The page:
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As the Davos event draws to an end, Jim McClelland looks at the missing piece in the jigsaw of climate change

For most of the year, Davos is simply the largest mountain ski resort in Switzerland - home to just over 10,000 permanent residents.

However, for four action-packed days every January, the population swells by some 25%, as the highest town in the Alps plays host to a stellar invitation-only guest list from the worlds of politics, economics, business, celebrity and media.

Davos is the exclusive venue for the annual meeting of the World Economic Forum (WEF), which welcomes to the podium every 12 months a wealth of world leaders, Nobel Laureates and corporate icons.

On the programme for 2019 were such luminaries as the Chancellor of Germany Angela Merkel, the Duke of Cambridge and the CEO of Microsoft Satya Nadella.

We need to do much, much better than 9%

Jim McClelland Jim McClelland Sustainable futurist, editor, journalist, speaker

The garden is on fire

With the environment high on the agenda, the media was abuzz with sustainability soundbites from speakers of all ages: broadcaster Sir David Attenborough, 92, declared “the Garden of Eden is no more”; 16-year-old activist Greta Thunberg - the inspiration behind the School Strikes 4 Climate Action campaign - urged us to panic and “act as if the house was on fire”.

Proceedings and pronouncements are hyper-newsworthy. As a state-of-the-planet summit, this global get-together serves to set the big-picture agenda and tone for the year ahead. Despite the rarified air of its elevated location, however, Davos does not happen in isolation: it too is inevitably influenced by recent and current world events and trends.

The backdrop for 2019 included the latest alarming outputs of the UN Intergovernmental Panel on Climate Change (IPCC), warning us we have just 12 years left to act. The week before Davos, the WEF’s own Global Risks Report upped the ante still further. Its survey found that extreme weather and climate policy failures are seen as the gravest threats, over a 10-year horizon.

Emergency, emergency

As if proof were needed, international news channels either side of the event carried tragic stories of fatalities lost in flash floods in the Philippines and Indonesia, plus flame-red maps of record-busting heatwaves in Australia. The month of January also saw cities as diverse as Vancouver, in Canada, plus Oxford, England, publicly declaring a state of climate emergency.

This rising sense of urgency, though, is matched by one of doubt. For all the investment in renewable energy worldwide, political progress on climate policy goals is painfully slow: as few as 16 countries out of the 197 that signed the Paris Agreement had actually defined suitably ambitious climate action plans ahead of the UN COP24, held in Katowice, in December.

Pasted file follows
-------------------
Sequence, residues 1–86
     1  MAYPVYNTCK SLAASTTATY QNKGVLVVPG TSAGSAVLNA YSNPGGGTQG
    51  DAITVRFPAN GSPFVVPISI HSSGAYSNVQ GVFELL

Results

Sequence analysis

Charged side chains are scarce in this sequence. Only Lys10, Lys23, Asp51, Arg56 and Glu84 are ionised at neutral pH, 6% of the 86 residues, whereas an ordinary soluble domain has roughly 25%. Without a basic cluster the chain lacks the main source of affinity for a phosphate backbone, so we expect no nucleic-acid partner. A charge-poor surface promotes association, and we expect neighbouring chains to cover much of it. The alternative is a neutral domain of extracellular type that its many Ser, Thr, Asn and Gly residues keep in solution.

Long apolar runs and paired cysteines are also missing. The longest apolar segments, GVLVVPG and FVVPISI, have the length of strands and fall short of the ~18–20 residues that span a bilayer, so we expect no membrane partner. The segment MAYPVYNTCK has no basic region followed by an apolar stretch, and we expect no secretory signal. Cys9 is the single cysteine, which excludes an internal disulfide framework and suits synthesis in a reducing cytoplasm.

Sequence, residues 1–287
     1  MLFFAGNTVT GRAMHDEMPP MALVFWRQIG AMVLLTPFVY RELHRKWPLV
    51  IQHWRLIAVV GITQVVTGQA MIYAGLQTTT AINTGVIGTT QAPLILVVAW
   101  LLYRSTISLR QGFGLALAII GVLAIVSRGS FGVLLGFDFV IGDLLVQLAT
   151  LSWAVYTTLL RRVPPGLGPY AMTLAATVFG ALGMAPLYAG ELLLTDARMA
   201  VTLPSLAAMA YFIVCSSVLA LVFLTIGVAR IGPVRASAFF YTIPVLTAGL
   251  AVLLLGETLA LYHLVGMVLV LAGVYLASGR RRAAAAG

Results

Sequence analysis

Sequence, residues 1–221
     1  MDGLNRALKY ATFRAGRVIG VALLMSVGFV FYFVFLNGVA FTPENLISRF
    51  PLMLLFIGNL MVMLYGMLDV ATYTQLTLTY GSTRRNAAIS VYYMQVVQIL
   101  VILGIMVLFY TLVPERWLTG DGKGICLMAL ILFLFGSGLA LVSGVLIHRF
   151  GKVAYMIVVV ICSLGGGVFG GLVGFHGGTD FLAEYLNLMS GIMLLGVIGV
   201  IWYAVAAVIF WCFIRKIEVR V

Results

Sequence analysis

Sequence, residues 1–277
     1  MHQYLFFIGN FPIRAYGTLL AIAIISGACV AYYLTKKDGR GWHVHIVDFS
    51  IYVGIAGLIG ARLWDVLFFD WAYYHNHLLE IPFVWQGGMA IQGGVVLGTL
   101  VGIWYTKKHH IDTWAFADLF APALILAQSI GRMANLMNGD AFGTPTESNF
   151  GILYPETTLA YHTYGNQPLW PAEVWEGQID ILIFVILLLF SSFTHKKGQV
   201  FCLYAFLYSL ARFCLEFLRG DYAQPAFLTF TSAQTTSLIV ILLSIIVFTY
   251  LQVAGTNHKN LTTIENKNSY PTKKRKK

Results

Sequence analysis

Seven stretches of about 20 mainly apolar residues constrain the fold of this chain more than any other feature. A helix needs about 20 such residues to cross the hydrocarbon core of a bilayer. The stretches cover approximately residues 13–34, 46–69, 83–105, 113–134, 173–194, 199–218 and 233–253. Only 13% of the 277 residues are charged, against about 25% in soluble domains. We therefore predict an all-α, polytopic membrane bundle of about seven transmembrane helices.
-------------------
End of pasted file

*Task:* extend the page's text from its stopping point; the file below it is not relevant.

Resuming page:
In truth, Davos was in need of some good news: the stage was set for a gamechanger…

A big idea, not a new idea

Surprisingly, though, the big idea was not new at all, just underappreciated: the circular economy. So, could widespread adoption of circular economy principles alone fix climate change? No. It could though galvanise both a mindset-shift around resource value and a step-change in impact reduction to help deliver that much-needed climate reboot, a lot faster.

Launched at Davos, the Circularity Gap Report 2019 revealed the true depth of the relationship between climate change and resource use. The eye-popping figures from Amsterdam-based think tank Circle Economy suggest that up to 62% of global greenhouse gas emissions are released during the extraction, processing and manufacturing of goods to serve society’s needs; only 38% are emitted in the delivery and use of products and services.

What this means is that embracing circular economy business models to minimise unnecessary extraction, optimise resource efficiency and extend product lifespans can help get the world on target to achieve Paris goals of limiting global warming to 1.5°C, as per IPCC recommendations.

Ironically, however, the Report also delivers the damning indictment that the circular economy itself is by no means a global success story, as yet. In fact, it confirms our world is only 9% circular and showing no immediate signs of improvement. We reuse as little as 9% of the 92.8 billion tonnes of minerals, fossil fuels, metals and biomass entering the economy annually - all the other 91% we waste. This spectacular shortfall is dubbed the ‘Circularity Gap’.

So, what is the good news in all of this?

The opportunity is massive. Representing a deliverable decoupling of economic growth from unsustainable resource extraction and emissions, circularity is the paradigm shift behind the "rapid, far-reaching and unprecedented changes in all aspects of society”, called for in Paris.

The opportunity is also real. The Report offers specific takeaways to help identify next steps, sets out key strategies and provides recommendations for governments. In addition, it applies Circularity Gap Metric analysis to specific industry sectors, notably the built environment.

Raw numbers for the built environment are indicative of the scope and scale of potential for the circular economy.

What a prize

The sector is forecast to grow dramatically by 2050, but already accounts for approximately one fifth of all global emissions and consumes nearly half of all materials going into the economy – some 42.4 billion tonnes a year. This is the size of the prize.

So far, climate strategies have focused on renewable power generation and storage, energy efficiency and avoiding deforestation. The circular economy is the missing piece in the jigsaw.

The word from Davos is: if we want to live in a 1.5°C world, it must be more than 9% circular.

Jim McClelland is a Sustainable futurist, editor, journalist, speaker